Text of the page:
Familial Hypocalciuric Hypercalcemia (FHH)

Individuals with familial (benign) hypocalciuric hypercalcemia, type 1 (HHC1/FHH) are generally asymptomatic throughout life and do not require treatment. Affected individuals have mild or moderate elevations of calcium in serum, relative hypocalciuria, inappropriately normal serum parathyroid levels and may also have increased serum magnesium levels and a renal calcium/creatinine clearance ratio below 0.01, which differs from patients with primary hyperparathyroidism and other hypercalcemic disorders. Some patients experience pancreatitis, gall stones, renal stones, or chondrocalcinosis. Affected individuals may also have fatigue, weakness, mental disturbance, and polydipsia/polyuria. There is some evidence for an increased risk of diabetes mellitus and cardiovascular disease

Tests Available

Forms and Documents

Test Details

CASR
  • Distinguish FHH from primary hyperparathyroidism and other disorders of calcium homeostasis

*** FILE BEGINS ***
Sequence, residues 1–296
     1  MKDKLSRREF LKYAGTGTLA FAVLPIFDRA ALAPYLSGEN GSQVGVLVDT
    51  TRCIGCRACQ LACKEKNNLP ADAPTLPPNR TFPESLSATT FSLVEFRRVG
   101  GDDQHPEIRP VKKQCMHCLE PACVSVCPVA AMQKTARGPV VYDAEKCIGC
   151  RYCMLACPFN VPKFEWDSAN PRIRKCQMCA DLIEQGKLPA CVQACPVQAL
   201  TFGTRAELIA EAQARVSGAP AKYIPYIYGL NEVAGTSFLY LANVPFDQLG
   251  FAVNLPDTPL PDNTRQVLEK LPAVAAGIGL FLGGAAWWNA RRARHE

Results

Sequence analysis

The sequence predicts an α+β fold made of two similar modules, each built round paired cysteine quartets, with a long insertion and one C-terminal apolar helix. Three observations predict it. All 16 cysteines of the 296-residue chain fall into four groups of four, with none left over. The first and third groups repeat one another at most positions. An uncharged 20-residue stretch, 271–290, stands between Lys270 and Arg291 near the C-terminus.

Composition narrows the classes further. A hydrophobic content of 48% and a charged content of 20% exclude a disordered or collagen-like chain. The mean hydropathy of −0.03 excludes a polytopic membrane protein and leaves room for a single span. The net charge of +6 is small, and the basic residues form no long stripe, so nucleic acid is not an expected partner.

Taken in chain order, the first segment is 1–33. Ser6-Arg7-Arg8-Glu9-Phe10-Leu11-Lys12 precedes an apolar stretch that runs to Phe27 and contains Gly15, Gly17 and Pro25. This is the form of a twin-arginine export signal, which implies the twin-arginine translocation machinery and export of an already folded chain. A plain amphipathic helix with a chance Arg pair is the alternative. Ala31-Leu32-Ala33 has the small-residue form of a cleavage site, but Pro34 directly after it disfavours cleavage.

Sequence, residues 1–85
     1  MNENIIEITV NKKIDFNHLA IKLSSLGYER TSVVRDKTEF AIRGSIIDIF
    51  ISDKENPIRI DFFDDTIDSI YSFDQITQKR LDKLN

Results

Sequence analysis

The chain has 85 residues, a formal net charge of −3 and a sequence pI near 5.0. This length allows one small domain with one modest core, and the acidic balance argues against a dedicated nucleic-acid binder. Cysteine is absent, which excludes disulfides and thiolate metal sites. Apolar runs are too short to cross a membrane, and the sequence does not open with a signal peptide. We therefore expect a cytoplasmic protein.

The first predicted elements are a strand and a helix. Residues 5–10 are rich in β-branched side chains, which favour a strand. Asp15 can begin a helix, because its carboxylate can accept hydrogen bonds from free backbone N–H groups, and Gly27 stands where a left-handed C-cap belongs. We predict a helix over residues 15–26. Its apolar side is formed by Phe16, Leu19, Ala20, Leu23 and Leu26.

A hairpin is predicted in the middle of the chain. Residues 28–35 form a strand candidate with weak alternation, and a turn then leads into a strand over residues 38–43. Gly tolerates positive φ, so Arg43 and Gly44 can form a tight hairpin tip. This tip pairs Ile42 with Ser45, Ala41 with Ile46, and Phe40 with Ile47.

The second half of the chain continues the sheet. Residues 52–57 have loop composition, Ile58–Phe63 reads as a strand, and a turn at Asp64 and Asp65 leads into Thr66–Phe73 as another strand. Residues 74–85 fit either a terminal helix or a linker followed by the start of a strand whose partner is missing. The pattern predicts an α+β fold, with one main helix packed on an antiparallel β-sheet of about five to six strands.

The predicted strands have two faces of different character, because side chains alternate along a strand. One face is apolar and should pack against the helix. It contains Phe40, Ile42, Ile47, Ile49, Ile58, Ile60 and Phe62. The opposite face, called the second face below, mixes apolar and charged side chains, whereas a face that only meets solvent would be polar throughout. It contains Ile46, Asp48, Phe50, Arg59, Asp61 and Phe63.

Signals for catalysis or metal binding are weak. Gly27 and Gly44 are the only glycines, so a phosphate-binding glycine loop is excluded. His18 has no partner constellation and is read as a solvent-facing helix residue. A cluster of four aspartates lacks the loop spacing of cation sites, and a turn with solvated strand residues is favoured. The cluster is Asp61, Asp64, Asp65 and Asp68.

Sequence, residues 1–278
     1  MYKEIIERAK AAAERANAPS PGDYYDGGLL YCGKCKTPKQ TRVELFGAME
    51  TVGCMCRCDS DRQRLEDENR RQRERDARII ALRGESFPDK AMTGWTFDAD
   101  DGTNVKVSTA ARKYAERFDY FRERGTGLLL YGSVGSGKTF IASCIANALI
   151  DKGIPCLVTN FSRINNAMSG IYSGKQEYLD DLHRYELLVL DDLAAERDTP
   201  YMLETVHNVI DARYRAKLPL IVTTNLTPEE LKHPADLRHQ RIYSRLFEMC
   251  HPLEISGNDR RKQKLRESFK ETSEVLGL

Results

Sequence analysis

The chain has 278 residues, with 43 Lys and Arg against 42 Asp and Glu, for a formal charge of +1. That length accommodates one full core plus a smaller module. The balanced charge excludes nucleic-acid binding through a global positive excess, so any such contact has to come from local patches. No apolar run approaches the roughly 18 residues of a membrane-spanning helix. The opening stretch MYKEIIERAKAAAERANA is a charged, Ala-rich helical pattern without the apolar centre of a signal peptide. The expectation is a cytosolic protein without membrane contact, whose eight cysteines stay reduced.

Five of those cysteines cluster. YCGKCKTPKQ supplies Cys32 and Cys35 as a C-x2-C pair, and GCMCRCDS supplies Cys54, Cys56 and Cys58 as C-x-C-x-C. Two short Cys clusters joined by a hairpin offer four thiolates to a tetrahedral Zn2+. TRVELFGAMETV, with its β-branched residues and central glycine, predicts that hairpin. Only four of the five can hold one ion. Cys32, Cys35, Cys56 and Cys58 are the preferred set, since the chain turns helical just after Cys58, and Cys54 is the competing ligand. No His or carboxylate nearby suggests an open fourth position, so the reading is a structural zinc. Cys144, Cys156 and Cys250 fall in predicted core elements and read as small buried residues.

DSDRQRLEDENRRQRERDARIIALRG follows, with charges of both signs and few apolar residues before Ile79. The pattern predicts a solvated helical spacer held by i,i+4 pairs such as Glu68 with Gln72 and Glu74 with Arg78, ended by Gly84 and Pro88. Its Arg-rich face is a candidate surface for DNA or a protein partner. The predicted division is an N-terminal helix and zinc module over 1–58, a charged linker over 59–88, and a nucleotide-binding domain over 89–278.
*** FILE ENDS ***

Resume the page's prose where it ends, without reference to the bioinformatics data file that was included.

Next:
• Confirmation of a clinical diagnosis
  • To determine appropriate treatment, including avoidance of parathyroidectomy in FHH patients
  • Prenatal diagnosis in pregnancies at-risk for NSHPT
  • Capillary Sequencing

Ordering

170
4 weeks
2-5 mL Blood - Lavender Top Tube
Oral Rinse (30-40 mL)|Dried Blood Spots|Buccal Swabs

Billing

81405x1
No
Yes
  • 275.4 Disorders of calcium metabolism
* For price inquiries please email zebras@genedx.com

References

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  2. Chou et al., (1995) Am J Hum Genet 56:1075-1079
  3. Pearce et al., (1995) J Clin Invest 96:2683-2692
  4. Pearce et al., (1996) NEJM 335(15):1115-1122
  5. Hendy et al., (2000) Hum Mut 16:281-296
  6. Hendy et al.,(2003) J of Clin Endocrin & Metab 88(8):3674-3681
  7. Warner et al., (2004) J Med Genet 41(3):155-60
  8. Lienhardt et al (2001) J Clin Endocr Metab 86:5313-5323
  9. Thakker (2004) Cell Calcium 35:275-28
  10. Gunn et al (2004) Ann Clin Biochem 41:441-58
  11. Simonds et al., (2002) Medicine (Baltimore) 81:1-26